For instance when I couldn’t find a ready made scrapbook paper organizer to fit the cabinet in my studioffice, I custom made one to fit perfectly using cardboard boxes.
If you are a long time reader you may remember it. I have made quite a few DIY organizers and thought I would share a few of them that really made a difference.
How To Store & Organize Tablecloths
I don’t have a dining room anymore, but when I did, this is how I stored and kept my tablecloths wrinkle-free.
I hung them in a closet where I had some extra rod space.
When organizing the tablecloths, I folded them long-ways and then hung them over men’s suit hangers that I equipped with cardboard tubes from gift wrap. The round tube addition lessens creases from forming.
How to Add Cardboard Tubes to Clothes Hangers
1. Simply cut a gift wrap tube to the same width as the rod on the hanger. Open the rod and slide the tube on. Close the rod.
Option: If you don’t have a wood rod pants type of hanger, you can use plastic hangers.
You just need to cut the cardboard tube lengthwise. Once it is cut, place it over the rod.
When I make this type of tablecloth storage hanger, I duct tape over the cut to close the tube.
2. I roll very large or oilcloth tablecloths on the long cardboard tubes that fabric yardage comes on. I make sure to always ask for these tubes when I am at the fabric store.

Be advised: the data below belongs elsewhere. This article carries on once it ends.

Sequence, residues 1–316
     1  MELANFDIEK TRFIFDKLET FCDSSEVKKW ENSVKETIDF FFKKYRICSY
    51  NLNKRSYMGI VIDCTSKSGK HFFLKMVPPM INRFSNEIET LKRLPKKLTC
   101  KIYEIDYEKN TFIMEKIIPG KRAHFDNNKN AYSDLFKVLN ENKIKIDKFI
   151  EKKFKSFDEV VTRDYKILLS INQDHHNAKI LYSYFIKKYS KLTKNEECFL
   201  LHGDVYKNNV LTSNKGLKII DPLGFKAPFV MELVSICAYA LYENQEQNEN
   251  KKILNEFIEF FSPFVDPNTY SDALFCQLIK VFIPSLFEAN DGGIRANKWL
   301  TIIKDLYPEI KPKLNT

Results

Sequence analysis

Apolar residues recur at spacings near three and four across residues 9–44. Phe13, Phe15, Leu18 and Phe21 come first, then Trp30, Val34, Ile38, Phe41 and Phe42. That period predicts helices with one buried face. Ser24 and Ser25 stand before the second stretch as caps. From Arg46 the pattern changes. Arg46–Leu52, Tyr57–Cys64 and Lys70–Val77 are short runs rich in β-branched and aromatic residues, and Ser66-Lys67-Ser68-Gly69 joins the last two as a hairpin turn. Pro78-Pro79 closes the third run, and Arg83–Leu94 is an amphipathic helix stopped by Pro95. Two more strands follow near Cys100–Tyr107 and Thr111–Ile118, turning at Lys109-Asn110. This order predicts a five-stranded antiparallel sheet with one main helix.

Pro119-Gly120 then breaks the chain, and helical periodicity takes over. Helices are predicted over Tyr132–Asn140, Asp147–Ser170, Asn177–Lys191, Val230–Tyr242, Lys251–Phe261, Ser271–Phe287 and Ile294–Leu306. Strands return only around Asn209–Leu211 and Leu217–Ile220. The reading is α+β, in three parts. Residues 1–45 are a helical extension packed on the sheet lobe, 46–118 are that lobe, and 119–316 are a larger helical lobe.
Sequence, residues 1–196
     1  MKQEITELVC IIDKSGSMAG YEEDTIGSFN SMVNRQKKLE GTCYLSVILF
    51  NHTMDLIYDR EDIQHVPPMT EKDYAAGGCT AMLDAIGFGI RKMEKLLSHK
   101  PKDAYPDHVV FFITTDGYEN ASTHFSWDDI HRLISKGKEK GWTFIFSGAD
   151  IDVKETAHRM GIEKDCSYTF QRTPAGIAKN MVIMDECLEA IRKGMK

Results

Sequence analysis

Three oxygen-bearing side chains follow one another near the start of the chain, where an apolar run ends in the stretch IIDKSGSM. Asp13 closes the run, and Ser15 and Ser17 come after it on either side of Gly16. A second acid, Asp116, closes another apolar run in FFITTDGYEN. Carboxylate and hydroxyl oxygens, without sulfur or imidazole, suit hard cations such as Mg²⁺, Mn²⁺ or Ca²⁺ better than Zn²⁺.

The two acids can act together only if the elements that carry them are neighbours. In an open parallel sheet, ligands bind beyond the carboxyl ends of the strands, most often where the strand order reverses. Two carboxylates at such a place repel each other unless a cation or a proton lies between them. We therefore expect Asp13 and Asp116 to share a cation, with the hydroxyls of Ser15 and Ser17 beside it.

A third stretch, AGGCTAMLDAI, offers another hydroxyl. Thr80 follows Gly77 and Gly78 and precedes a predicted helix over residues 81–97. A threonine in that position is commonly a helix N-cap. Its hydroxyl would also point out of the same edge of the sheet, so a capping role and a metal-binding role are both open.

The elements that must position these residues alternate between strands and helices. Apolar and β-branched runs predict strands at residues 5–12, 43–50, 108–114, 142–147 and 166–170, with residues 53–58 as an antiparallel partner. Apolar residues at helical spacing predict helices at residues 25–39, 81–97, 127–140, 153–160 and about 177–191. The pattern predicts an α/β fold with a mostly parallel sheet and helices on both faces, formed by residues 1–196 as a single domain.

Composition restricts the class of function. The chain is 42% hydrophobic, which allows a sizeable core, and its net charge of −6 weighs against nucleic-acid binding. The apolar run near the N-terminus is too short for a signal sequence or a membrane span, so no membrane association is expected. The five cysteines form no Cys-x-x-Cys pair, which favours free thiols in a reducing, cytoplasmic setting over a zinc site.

Repurposing Furniture Into Hard Working Organizing Stations for Small Items
My go-to for small storage containers/baskets is the dollar store. They have the best plastic baskets. I bought all 18 of these baskets for the same amount I would have paid for one or two at other stores like Target or The Container Store.
When the baskets were labeled and placed in a trashed dresser with no drawers that I DIY’ed into a decorative organizer there is no question as to where like items should go. Which then makes them easy to find when needed again.
If you like to be little crafty… you can add a lot of style to shoeboxes. If you keep the lids on, they make great stackable storage.
For this mudroom organizer, I covered the bottoms of 3 shoeboxes using maps and stick-on metal framed label holders.
How to Organize Misc Items in Kitchen & Desk Drawers
I like to line my drawers with decorative paper; usually I use gift wrap or wallpaper. For this drawer I used pages from a graphic arts book.
Then I use small baskets that I find at thrift stores to organize smaller items. This drawer acts as my kitchen desk drawer.
I add the square or rectangular baskets in all my drawers that hold small items. So far this drawer only has two small baskets. I am always on the look out for more and will fit the baskets in the drawer to fit like puzzle pieces as I find them at the thrift store.